Drug Control:

Counternarcotics Efforts in Mexico

NSIAD-96-163: Published: Jun 12, 1996. Publicly Released: Jun 12, 1996.

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Pursuant to a congressional request, GAO reviewed counternarcotics activities in Mexico, focusing on: (1) the nature of the drug-trafficking threat from Mexico; (2) Mexican government efforts to counter drug-trafficking activities; (3) the U.S. strategy and programs intended to stem the flow of illegal drugs through Mexico; and (4) recent initiatives by the United States and Mexico to increase counternarcotics activities.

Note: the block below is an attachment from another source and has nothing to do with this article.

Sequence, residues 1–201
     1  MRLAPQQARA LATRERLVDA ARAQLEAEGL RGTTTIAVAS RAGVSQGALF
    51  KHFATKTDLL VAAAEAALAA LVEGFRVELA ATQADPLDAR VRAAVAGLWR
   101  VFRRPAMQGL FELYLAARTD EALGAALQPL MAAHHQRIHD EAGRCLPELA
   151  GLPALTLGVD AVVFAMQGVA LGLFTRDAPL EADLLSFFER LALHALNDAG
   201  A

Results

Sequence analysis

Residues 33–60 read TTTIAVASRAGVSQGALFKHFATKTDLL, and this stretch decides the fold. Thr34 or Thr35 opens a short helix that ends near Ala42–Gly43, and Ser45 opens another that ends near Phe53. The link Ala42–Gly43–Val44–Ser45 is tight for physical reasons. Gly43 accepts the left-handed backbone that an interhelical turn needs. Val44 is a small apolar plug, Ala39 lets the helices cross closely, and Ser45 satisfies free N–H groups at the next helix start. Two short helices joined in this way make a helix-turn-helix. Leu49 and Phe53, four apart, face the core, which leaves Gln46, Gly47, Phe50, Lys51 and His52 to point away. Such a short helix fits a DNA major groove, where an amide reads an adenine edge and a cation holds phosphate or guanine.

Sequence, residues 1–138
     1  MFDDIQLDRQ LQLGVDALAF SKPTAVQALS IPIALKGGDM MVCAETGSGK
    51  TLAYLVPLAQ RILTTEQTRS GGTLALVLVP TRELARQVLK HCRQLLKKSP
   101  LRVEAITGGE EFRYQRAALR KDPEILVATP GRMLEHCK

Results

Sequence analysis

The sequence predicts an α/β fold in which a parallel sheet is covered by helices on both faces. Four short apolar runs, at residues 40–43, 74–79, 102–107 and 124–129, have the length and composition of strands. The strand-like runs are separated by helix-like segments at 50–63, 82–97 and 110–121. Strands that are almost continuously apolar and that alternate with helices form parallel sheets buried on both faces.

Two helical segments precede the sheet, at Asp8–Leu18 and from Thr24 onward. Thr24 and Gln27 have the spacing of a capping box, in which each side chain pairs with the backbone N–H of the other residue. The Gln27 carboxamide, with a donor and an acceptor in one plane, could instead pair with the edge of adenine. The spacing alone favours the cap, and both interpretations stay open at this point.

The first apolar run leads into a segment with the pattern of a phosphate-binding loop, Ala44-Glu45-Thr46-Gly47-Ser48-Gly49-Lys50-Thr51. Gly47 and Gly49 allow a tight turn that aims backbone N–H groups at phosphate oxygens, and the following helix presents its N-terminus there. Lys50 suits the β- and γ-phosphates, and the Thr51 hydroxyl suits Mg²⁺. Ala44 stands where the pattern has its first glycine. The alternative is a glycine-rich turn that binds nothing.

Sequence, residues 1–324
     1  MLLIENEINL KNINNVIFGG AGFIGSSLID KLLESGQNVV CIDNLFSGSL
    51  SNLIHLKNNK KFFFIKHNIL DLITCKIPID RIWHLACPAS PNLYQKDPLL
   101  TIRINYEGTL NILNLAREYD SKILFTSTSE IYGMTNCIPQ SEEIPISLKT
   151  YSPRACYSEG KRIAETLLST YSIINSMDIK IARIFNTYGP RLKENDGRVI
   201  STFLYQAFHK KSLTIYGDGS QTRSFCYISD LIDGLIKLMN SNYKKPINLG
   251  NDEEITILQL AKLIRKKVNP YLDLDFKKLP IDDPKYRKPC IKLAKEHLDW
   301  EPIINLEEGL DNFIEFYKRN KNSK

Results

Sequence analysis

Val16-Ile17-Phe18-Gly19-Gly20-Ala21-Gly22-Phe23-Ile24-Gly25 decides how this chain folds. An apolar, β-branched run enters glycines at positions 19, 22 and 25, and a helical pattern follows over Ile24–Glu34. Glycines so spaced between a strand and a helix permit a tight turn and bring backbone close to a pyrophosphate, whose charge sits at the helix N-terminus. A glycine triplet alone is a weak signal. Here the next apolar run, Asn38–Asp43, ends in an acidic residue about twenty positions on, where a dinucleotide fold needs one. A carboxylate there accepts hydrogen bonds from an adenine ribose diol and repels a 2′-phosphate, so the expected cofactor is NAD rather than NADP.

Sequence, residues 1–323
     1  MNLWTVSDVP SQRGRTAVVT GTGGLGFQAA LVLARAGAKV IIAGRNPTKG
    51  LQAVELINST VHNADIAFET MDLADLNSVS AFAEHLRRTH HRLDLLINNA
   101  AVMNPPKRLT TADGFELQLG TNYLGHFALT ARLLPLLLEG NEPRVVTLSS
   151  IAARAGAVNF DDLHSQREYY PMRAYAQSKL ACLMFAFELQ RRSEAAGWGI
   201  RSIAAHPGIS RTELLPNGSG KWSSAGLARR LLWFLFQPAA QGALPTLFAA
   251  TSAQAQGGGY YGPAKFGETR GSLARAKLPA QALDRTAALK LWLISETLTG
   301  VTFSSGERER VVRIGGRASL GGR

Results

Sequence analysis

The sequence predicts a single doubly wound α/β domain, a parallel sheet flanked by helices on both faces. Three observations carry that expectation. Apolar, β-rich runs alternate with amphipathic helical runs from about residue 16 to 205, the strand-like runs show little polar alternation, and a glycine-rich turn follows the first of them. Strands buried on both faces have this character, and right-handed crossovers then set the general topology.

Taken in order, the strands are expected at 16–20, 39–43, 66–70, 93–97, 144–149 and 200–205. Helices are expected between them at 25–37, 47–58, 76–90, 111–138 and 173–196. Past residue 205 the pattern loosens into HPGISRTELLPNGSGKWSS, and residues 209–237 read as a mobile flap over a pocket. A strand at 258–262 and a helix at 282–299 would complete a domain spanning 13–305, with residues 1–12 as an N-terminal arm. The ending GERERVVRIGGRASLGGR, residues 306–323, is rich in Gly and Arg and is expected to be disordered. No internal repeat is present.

GAO found that: (1) Mexico continues to be a major transit point for cocaine, heroin, marijuana, and methamphetamine entering the United States; (2) drug traffickers have changed their preferred mode of transportation for moving cocaine into Mexico, decreasing the use of aircraft and increasing the use of maritime vessels, which are currently used to move an estimated two-thirds of the cocaine entering Mexico; (3) Mexico eradicated substantial amounts of marijuana and opium poppy crops in 1995; (4) however, U.S. and Mexican interdiction efforts have had little, if any, impact on the overall flow of drugs through Mexico to the United States; (5) the current Mexican government appears committed to fighting drug trafficking, but, according to U.S. officials, is hampered by pervasive corruption of key institutions, economic and political problems, and limited counternarcotics and law enforcement capabilities; (6) the current U.S. strategy in Mexico focuses on strengthening the Mexican government's political commitment and institutional capability, targeting major drug-trafficking organizations, and developing operational initiatives; (7) in late 1993, the United States revised its international cocaine strategy from focusing on intercepting drugs as they move through the transit region of Central America, Mexico, and the Caribbean to stopping cocaine at its production source in South America; (8) U.S. counternarcotics activities in Mexico and the transit zone have declined since 1992; (9) multiple-agency drug interdiction funding for the transit zone, including Mexico, declined from about $1 billion in fiscal year (FY) 1992 to about $570 million in FY 1995; (10) the U.S. assistance program in Mexico has been negligible since Mexico initiated its policy of refusing nearly all U.S. counternarcotics assistance in early 1993; (11) staffing cutbacks have limited U.S. capabilities to monitor previously funded U.S. assistance; and (12) since GAO's June 1995 testimony, several events have occurred that could greatly affect future drug control efforts by the United States and Mexico: (a) drug control issues have been elevated in importance at the U.S. embassy and a drug control operating plan with measurable goals has been developed for U.S. agencies in Mexico; (b) the Mexican government has recently signaled a willingness to develop a mutual counternarcotics assistance program; (c) the Mexican government has taken some action on important law enforcement and money laundering legislation; and (d) the United States and Mexico have created a framework for increased cooperation and are currently developing a new binational strategy.

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